Music Business School London attended the conference. Still only in its second year, Brighton Music Conference is the UK’s only electronic music conference, aiming to become the British answer to ADE. With a packed two-day schedule of panels, Q&As and showcases attracting some of the industry’s most influential workers, DJs, producers and exhibitors, this year’s BMC went way beyond beats, booze and beach parties to shine a laser-edged spotlight on the state of the dance music industry in 2015.
The stage was set with the conference’s opening keynote, entitled ‘Protecting The Dance Floor’, in which AFEM’s Mark Lawrence outlined the manifold threats facing the electronic music industry. These include nightclubs threatened with closure, fans exposed to life-threatening substances without information or protection, creators and rights-holders denied income that is rightfully theirs, and music stolen on an unprecedented scale. The keynote called for the industry to unite, to create a platform for communication and the catalyst for change, while the rest of BMC 2015 was dedicated to exploring exactly how the industry can continue to invest in A&R, develop artists and create world-class live events and releases in a world of diminishing revenues and returns. Music Business School London found the keynote inspiring.
Of course, digital distribution and monetisation – and in some cases, a lack of – dominated the debate and are high on Music Business School London agenda. Believe Digital’s General Manager Lee Morrison pointed out that streaming makes up 45% of revenues for some labels, and that it’s key for discovery – which in turn drives sales of downloads, tickets and other products – but was also critical of the fact that a lot of labels don’t embrace streaming like they do downloads. While panellists were broadly positive about the promotional powers of platforms like SoundCloud, they stressed the dangers of putting a full-length track online pre-release: “Once the genie’s out of the bottle, it’s never going back in”.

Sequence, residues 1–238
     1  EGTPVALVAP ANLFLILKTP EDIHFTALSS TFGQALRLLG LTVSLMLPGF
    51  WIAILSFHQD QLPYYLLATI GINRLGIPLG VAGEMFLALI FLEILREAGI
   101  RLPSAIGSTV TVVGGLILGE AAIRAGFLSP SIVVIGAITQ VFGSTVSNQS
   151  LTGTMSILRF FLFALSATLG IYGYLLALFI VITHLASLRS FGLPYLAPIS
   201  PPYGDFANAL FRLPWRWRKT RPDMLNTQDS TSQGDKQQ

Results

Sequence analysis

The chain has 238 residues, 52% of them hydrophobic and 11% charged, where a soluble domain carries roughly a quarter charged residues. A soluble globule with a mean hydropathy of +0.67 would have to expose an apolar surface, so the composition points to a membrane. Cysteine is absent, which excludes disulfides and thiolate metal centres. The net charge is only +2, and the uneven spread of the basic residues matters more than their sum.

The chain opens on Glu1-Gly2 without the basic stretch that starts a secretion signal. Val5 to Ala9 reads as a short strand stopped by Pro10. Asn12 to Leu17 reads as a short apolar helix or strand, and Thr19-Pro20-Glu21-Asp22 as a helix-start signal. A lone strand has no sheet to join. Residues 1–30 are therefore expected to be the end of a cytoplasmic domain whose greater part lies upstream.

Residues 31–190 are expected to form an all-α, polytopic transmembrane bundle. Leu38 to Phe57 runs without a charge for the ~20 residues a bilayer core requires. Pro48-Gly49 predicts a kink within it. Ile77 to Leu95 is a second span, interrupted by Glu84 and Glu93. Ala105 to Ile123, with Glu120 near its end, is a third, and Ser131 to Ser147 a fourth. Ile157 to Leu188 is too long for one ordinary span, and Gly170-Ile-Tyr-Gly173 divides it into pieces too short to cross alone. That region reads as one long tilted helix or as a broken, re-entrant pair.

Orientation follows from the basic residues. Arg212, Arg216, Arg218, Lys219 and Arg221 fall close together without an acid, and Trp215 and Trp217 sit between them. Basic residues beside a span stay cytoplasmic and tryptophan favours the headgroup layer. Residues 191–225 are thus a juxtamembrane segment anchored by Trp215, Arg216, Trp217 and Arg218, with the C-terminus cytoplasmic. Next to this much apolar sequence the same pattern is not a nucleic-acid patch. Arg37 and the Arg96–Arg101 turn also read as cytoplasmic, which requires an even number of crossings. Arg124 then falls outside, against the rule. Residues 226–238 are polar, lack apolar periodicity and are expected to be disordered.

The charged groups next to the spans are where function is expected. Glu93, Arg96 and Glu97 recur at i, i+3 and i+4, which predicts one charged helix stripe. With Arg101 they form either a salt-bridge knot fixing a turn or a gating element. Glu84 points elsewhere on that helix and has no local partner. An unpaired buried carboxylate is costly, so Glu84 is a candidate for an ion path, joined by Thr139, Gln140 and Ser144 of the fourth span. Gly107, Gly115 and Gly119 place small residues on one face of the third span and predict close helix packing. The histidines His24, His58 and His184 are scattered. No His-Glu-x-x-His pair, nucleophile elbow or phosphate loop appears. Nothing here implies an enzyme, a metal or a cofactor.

However, the clock cannot simply be turned back. The streaming genie was freed from the bottle a long time ago, and the time for windowing releases on streaming or promotional platforms in order to protect sales is over. As Merlin’s CEO Charles Caldas stated in this recent interview with Music Ally: “As the value of the streaming market grows, people are starting to realise that consumption is the new sales. Anywhere that people are listening to music is actually the end-game now.” Industry analyst Mark Mulligan nailed it in this post about SoundCloud’s transformation: “The discovery journey has also become the consumption journey but the change is happening so fast that it is easy to confuse the two. This is why we have the paradoxical situation where 10 million streams on Spotify is considered to be x amount of lost sales while 10 million YouTube views is considered a marketing success. Right now a large chunk of digital marketing activity that is driving streams on YouTube and SoundCloud is tactic without purpose. It is marketing for marketing’s sake without a clear enough sense of what the end goal is.” Music Business School London has a module on marketing, see the course overview.